Imagine you are a seedling in the hands of Kenya-based AutoPot farmer Nam Oneko and prepare to be staggered. Because this year Nam is starting his crops at intervals with the divine intention of reaping a continual, year-round harvest, and in just his second year as a farmer, it’s literally staggering. Now cease imagining yourself as a plant and read on.
Nam and AutoPot Watering Systems are working together towards a blueprint for sustainable growing in one of the harshest growing environments in the world. Horticulture, however, was not Nam’s natural milieu until two years ago. The micro-bytes and mega-chips of his computer engineering background could scarcely be further removed from his current occupation. You’re not supposed to put water anywhere near a computer, much less nutrients. Nevertheless his debut growing season of 2016-17 produced not only sensational results but also garnered widespread interest in AutoPot Watering Systems from local farmers to high-ranking government officials alike.
In the interests of gathering as much experience and insight as possible Nam is ringing significant changes this time around. Having knocked tomatoes into a cocked hat with a bumper harvest last year a switch in crop focus was deemed due. For 2018-19 scarcely could there be a more refreshing harvest in the offing. 200 Israeli Galia Sweet Melons are being planted every week and 150 English cucumber seedlings committed to the earth every month. An impressive seven weeks of melon sowing have now passed, vastly preferable to seven weeks of sewing with melons, whatever that is.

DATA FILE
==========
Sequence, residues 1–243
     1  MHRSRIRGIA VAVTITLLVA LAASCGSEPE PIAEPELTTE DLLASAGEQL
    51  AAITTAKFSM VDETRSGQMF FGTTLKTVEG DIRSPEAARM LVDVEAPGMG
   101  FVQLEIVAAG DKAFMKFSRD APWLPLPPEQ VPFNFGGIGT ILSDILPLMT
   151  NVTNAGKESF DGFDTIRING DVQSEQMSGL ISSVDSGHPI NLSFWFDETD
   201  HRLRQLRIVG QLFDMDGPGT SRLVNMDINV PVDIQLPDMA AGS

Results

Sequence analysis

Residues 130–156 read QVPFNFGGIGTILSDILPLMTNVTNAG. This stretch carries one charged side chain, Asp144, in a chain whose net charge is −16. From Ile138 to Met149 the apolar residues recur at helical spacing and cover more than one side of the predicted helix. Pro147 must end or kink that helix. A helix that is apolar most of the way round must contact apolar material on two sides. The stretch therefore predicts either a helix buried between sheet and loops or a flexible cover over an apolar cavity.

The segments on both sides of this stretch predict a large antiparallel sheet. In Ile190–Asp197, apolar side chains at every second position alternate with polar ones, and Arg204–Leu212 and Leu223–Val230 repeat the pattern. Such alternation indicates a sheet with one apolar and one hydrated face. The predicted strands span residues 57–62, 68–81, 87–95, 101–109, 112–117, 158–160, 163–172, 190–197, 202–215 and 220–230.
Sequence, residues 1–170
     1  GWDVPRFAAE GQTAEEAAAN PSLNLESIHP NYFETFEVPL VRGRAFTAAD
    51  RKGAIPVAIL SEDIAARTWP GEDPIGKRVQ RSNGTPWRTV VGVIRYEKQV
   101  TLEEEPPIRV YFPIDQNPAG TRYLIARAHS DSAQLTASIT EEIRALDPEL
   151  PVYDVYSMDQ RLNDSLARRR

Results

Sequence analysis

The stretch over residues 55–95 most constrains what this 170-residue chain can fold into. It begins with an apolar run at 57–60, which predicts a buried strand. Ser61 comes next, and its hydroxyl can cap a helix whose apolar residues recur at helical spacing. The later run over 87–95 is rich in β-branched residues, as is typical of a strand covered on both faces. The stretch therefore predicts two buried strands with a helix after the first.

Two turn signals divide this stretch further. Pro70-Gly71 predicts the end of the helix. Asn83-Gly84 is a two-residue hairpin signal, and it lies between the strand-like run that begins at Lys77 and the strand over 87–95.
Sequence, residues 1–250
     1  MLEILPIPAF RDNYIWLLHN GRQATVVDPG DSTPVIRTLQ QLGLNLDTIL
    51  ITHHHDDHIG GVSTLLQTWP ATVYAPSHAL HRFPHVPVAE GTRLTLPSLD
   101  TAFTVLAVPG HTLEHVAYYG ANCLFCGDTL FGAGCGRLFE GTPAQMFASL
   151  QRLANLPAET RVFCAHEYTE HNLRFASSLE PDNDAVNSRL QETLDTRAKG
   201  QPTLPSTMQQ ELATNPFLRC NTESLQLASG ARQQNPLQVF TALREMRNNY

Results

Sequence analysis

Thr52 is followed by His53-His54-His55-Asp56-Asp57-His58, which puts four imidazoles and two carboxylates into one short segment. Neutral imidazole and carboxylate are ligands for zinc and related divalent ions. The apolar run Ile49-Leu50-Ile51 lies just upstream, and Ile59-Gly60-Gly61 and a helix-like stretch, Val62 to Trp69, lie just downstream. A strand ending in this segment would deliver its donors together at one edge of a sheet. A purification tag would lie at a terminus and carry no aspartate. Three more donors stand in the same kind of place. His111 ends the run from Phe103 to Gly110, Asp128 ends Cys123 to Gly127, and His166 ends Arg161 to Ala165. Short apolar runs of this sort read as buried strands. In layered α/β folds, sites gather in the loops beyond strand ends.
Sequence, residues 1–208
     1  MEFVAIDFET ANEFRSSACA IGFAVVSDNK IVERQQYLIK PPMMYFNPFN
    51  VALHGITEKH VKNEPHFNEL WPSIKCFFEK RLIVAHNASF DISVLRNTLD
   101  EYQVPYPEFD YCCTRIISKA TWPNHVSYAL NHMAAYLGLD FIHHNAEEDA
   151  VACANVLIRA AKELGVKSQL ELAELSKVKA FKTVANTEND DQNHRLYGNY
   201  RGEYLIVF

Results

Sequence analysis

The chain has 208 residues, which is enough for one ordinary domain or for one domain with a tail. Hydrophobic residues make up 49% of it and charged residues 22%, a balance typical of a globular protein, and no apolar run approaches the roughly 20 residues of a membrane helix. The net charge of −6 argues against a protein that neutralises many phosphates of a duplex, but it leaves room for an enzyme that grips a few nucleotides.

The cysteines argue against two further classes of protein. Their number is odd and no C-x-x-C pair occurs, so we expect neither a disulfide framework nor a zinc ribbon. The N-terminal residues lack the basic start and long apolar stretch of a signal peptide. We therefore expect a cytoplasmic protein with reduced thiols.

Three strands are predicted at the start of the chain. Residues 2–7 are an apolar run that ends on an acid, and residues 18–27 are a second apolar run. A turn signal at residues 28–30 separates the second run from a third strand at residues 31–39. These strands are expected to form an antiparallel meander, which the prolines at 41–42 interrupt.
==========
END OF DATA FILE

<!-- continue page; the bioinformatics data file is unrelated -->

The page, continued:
Nam will continue to use a high performing substrate of 50:50 coco peat and pumice but on the basis of last season’s experiences will reduce the EC to an average of 1.5 from 1.8 and will look to slightly increase pruning.
Also new, and already deployed to great effect, is a pure organic insecticide. Until recently whiteflies had been periodically turning the greenhouse into their private Lovers Lane, courting on the plants, wandering around doe-eyed on the leaves, forming loving relationships and procreating all over the shop, then letting their naughty offspring drain leaves of their sap. Nam has gone biological upon their abdomina using spores of Lecanicillium Lecanii strain J27 (available under the trade name LECATECH) which has controlled the sucking, copulating, pestilence very well indeed.
The potential for this project is immense. Though Nam is based in an important horticultural area within Kenya, and though local fruit and veg production is relatively abundant, demand for Nam’s crops far outstrips his current capacity to supply. By staggering his crop Nam can practise his technique of creating a constant supply, generating valuable experience that both he and we can pass onto other growers in similar climes. Staggering crops will inevitably require more hands to maintain the plants. Together with these hands will come two new members of staff who are due to start at the end of July, surely a great relief to Nam, his current helper and those who aren’t keen on disembodied hands tending plants. In order to increase overall capacity, however, a new, additional greenhouse is required. No doubt this is why Nam has ordered one. The new greenhouse is tantalisingly described as “different from traditional designs” but that is all you are getting on that for now.